THE YOUNG Londoners gathered above do not stand out from the many others who like to picnic near the great mosque in Regent’s Park. But in their quiet way they have embarked on a course that could have a revolutionary effect on Islam.
They believe that women, gays and disabled people should have equal rights in mosques. They are members of the Inclusive Mosque Initiative (IMI), formed last November 2012 and occasionally using premises near Old Street in Shoreditch.
As UK co-ordinator Tamsila Tauqir said in a BBC debate, “A lot of us felt that current mosques don’t provide a welcoming space for a lot of people. They disenfranchise people, especially women.”
So the donation-funded IMI is hiring venues and running outdoor events where they can pray together and talk about the prejudice against Muslims in the light of terrorist horrors and other contemporary issues, “a space for people who don’t really want to go to current mosques”.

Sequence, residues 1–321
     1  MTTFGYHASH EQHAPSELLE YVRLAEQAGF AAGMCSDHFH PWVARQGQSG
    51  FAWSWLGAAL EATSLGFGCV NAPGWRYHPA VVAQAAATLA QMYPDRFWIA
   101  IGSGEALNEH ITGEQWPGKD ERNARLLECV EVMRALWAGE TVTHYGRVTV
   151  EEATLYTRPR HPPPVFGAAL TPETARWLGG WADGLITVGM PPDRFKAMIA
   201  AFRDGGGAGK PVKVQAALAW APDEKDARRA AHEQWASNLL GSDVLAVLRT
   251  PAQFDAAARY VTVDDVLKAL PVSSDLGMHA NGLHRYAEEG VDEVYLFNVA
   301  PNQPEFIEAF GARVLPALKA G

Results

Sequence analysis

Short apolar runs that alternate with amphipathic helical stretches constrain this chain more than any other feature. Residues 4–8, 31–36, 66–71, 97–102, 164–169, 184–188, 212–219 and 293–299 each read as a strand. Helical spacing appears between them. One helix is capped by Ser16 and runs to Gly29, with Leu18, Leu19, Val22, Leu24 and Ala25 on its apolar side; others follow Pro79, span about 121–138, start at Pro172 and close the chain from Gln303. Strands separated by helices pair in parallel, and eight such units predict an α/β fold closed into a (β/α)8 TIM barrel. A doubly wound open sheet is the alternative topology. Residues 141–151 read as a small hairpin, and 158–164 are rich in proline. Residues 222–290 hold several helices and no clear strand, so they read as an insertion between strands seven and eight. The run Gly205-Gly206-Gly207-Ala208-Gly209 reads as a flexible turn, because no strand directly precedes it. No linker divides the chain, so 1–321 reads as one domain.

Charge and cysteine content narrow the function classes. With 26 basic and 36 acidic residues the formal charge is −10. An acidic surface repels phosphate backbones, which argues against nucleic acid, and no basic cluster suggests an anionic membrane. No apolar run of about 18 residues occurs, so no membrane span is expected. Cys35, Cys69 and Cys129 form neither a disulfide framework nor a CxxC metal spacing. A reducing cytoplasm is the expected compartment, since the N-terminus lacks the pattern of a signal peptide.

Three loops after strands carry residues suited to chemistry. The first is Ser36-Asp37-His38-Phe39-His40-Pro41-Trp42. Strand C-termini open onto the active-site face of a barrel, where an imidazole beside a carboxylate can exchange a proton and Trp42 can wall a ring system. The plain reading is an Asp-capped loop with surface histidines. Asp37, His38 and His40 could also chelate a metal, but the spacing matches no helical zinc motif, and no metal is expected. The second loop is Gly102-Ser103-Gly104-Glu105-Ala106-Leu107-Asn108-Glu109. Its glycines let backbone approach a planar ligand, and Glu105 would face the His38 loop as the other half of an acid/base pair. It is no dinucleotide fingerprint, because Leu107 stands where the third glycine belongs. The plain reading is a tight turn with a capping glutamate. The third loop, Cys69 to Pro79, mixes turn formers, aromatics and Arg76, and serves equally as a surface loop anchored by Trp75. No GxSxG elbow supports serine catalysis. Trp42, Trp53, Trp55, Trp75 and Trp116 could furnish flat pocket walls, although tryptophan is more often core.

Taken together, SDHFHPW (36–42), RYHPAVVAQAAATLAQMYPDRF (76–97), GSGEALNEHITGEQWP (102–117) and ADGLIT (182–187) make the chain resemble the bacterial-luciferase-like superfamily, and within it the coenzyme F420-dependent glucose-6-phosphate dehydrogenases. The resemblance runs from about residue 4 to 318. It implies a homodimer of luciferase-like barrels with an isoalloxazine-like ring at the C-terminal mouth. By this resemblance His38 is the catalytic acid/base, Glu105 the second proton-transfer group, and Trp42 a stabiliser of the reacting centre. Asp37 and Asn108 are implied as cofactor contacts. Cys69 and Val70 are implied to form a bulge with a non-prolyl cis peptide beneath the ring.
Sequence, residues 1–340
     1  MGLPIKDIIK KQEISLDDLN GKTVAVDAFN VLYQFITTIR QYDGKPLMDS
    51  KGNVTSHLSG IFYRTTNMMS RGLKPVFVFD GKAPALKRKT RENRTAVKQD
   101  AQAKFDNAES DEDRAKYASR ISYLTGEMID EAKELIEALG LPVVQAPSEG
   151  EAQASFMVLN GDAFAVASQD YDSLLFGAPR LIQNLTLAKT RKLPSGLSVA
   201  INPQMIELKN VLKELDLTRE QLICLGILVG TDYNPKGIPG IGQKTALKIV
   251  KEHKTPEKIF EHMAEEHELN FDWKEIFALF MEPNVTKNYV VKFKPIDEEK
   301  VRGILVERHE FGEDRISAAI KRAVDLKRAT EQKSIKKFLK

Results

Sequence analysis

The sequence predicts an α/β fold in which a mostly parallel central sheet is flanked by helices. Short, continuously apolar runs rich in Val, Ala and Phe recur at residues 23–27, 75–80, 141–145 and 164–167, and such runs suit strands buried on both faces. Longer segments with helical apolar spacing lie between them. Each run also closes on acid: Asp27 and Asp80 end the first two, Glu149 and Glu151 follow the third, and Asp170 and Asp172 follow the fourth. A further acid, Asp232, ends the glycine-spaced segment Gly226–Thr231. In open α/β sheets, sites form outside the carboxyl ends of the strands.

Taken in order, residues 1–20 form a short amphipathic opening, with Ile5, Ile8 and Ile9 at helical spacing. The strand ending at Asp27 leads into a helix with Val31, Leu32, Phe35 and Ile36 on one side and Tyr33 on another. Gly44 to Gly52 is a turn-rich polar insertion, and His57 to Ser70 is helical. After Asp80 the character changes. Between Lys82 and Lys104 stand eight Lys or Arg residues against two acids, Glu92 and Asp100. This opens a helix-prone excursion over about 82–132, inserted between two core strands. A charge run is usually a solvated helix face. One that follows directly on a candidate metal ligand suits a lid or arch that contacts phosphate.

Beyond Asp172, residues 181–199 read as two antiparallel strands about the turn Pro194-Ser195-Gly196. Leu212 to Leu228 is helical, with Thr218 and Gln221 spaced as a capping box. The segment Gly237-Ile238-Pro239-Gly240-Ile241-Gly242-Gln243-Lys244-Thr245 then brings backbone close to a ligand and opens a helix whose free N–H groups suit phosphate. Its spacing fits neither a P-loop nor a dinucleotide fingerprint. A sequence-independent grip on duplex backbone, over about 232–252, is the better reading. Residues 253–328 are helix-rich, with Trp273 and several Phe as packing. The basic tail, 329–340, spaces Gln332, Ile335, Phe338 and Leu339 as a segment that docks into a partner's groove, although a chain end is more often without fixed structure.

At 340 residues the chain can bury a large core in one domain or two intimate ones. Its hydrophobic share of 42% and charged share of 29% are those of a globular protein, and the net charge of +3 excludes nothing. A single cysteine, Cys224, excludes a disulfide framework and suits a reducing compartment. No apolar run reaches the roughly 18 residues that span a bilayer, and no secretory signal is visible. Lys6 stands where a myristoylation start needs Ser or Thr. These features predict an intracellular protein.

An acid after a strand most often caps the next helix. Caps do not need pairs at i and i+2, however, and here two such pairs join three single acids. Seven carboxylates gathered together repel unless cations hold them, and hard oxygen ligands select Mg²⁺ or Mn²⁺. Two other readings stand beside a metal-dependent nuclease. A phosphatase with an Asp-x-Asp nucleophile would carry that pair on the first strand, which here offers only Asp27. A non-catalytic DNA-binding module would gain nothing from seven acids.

Unlike some radical groups, the IMI promotes access for disabled people. Tauqir said: “My [late] mother was severely disabled and couldn’t climb the stairs to the women’s area for prayer and wasn’tallowed into men’t area on ground floor. So she was prevented from being able to pray.
“Poor access for disabled people is a significant factor in why we created a new space.
“Other faiths manage to pray in the same space. Why is Islam different?”
Environmental awareness is also at the heart of the IMI, which says it is working on a green-principles document and wants to learn from and work with activists from the “eco-Islam community”.
Imam Adnan Rashid, of the Hittin Institute, a London Islamic research group, said the values of Islam were “very clear”. Muslims believed in things that had been established for centuries and were “not going to change”.
Hamish Scott 051113
* IMI will hold an informal social gathering in basement rooms A and B at CAN Mezzanine, 49 East Road, Hoxton N1 6AH, Thurs 14 Nov 2013 at 6.30pm. Free. Donations welcome.
* Emboldened underscored words in most cases indicate a hyperlink, a reader service rare among websites. If a link does not work, it is probably because the site to which the URL refers has not been maintained.